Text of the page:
“I would love to write a book, but I simply don’t have the time.”
This is a phrase I know only too well. Not only do I hear it regularly from would-be-writers, I said it myself for about twenty years. I honestly thought I could churn out book, after book, if only I had the time. I’d swoon over publicity shots of debut novelists grinning from ear to ear next to their shiny new books and I’d think; “Ah, yes but they must have had the time to write. I simply don’t have the time. They must be a lot less busy than I am.”
This is exactly how I used to think; but then something amazing happened.
I sat down and wrote a book.
Don’t get me wrong, it wasn’t easy and my debut novel The Goldfish Boy involved a lot of stopping and starting. During those barren weeks, I was simply too busy reading about how other authors planned their ‘Typical Writing Day’ and working out how I could possibly squeeze writing into a busy schedule of work, school runs and life in general. I remember reading about a new mum who finished her first novel by writing every time her new-born baby napped (no, I don’t believe it either). And then there was a woman who worked long hours in an extremely stressful job in the NHS who wrote from 11pm until 2am, got four hours sleep then did it all again the next day. The thought of it exhausted me.
So what changed? What magical formula did I discover to help me find the time to write a book?
Some writers swear by set hours each day and others by daily wordcount targets but what I did was even simpler than that. I stopped looking for the answer and simply wrote as and when I could fit it in. I’m a morning person so, every now and then I would set my alarm for 5am, make a pint of tea, and write until the kids woke up at 7. I didn’t do it very often, but those couple of hours were so concentrated they always boosted my wordcount tremendously. Occasionally I would take my laptop to my son’s football training and sit and write in the car. Again, knowing I only had an hour made everything much more focused. Rather than looking for the answer in a set routine, I was learning to spot those little windows of opportunity and dive in.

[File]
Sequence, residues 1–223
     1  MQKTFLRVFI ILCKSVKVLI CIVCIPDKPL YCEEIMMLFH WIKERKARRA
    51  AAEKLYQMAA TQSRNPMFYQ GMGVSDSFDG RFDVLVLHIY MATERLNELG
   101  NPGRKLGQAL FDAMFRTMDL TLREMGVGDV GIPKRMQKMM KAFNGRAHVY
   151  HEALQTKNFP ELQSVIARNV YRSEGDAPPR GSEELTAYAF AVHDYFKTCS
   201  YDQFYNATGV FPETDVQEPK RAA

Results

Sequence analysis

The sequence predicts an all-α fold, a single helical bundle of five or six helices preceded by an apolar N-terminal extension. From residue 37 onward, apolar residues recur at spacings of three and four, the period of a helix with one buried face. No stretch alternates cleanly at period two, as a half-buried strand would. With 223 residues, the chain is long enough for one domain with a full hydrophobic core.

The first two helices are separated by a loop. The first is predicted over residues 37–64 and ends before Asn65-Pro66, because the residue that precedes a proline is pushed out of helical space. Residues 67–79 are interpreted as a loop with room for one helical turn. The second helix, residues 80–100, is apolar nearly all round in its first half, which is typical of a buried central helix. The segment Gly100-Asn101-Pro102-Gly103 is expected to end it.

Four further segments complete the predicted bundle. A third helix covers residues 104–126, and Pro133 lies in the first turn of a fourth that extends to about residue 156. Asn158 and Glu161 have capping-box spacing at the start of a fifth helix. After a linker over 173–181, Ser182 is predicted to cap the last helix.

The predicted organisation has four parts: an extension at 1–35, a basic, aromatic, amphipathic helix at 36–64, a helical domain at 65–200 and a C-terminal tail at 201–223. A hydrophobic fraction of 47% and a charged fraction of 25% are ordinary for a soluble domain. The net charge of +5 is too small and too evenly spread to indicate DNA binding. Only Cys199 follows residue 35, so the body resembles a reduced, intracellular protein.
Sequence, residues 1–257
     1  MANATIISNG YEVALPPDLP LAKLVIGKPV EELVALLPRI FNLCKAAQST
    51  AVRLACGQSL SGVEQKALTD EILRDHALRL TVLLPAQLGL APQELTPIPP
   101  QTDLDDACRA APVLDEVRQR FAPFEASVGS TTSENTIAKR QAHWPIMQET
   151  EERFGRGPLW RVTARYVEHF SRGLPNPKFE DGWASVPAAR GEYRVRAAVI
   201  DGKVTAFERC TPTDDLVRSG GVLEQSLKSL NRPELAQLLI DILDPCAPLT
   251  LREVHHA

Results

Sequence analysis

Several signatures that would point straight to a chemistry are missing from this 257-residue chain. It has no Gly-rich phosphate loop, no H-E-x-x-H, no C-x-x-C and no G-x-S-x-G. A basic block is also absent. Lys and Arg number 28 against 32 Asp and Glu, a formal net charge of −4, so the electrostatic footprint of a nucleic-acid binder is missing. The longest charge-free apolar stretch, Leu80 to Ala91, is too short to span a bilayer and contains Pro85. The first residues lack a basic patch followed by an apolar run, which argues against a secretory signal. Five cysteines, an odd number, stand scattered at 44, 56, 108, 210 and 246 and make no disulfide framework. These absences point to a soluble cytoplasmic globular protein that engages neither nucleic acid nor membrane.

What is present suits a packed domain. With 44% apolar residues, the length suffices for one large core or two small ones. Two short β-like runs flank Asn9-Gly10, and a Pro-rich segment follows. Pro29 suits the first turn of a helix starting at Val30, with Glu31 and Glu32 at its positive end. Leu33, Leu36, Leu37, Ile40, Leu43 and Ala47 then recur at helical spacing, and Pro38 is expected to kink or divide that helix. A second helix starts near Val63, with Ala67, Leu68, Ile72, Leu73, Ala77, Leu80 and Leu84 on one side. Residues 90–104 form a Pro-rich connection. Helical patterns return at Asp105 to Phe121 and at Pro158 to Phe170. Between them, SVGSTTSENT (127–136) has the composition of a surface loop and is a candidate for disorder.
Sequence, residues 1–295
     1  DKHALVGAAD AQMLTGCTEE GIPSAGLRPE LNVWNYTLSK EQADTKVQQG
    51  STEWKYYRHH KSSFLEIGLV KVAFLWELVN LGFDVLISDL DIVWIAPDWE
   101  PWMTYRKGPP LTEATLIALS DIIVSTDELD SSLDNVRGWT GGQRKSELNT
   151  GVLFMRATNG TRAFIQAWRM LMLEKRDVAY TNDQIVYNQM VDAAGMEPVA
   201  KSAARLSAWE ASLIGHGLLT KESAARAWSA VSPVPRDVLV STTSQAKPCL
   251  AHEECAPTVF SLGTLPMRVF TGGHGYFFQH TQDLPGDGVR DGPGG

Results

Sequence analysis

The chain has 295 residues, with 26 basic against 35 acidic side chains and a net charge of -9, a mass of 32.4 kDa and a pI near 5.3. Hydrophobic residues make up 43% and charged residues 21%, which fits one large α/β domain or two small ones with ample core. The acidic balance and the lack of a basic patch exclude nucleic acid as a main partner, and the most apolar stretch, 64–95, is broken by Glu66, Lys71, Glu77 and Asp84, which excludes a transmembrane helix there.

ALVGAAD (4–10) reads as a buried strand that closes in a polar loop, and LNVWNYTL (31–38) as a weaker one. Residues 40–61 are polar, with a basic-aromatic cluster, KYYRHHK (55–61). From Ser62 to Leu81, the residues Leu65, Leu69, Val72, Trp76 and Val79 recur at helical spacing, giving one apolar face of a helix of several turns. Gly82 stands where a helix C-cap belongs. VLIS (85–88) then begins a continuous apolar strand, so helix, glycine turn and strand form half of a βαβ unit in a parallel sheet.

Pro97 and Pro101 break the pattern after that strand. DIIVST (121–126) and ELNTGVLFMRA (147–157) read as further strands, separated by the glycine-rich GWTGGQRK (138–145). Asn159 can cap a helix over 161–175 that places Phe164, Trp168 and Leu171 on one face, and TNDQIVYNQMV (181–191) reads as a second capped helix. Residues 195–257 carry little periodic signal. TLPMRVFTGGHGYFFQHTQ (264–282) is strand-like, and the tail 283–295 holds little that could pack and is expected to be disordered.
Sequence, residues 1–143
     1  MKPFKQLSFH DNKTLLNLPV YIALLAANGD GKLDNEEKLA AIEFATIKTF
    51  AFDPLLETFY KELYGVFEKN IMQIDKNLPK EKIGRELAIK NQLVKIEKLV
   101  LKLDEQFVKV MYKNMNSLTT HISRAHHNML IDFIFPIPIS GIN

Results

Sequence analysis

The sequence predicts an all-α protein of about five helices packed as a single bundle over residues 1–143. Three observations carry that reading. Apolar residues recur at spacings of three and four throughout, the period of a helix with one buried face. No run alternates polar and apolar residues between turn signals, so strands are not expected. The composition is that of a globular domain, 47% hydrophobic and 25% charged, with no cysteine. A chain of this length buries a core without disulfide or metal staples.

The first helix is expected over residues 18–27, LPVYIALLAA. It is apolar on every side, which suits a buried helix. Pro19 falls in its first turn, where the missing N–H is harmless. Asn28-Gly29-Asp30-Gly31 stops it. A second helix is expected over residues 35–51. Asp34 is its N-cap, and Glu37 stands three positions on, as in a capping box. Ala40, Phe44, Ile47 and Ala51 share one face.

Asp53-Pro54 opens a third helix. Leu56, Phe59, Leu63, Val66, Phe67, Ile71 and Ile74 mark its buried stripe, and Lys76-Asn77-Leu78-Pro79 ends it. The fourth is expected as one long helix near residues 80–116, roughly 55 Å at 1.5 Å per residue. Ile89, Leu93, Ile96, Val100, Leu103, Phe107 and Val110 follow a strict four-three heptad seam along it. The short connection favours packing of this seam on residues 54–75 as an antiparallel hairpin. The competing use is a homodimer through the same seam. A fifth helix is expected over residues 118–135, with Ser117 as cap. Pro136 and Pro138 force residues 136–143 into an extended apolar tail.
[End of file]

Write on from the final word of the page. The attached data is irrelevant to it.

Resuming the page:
I’m now writing my second novel and occasionally I drift onto social media, my stomach plummeting when I read tweets from authors who have managed to write 3,000 words that day when I’ve only managed 500. But this time I’m not going to stress over it. I know what works for me and that is little and often. My biggest concern nowadays is how I’m going to fit some exercise into my life. But to be honest with you, I’m simply don’t have the time.
Lisa Thompson worked as a radio broadcast assistant first at the BBC and then for an independent production company making plays and comedy programmes. During this time she got to make tea for lots of famous people. She grew up in Essex and now lives in Suffolk with her family. The Goldfish Boy is her debut novel.
The Goldfish Boy is available now, wherever books are sold.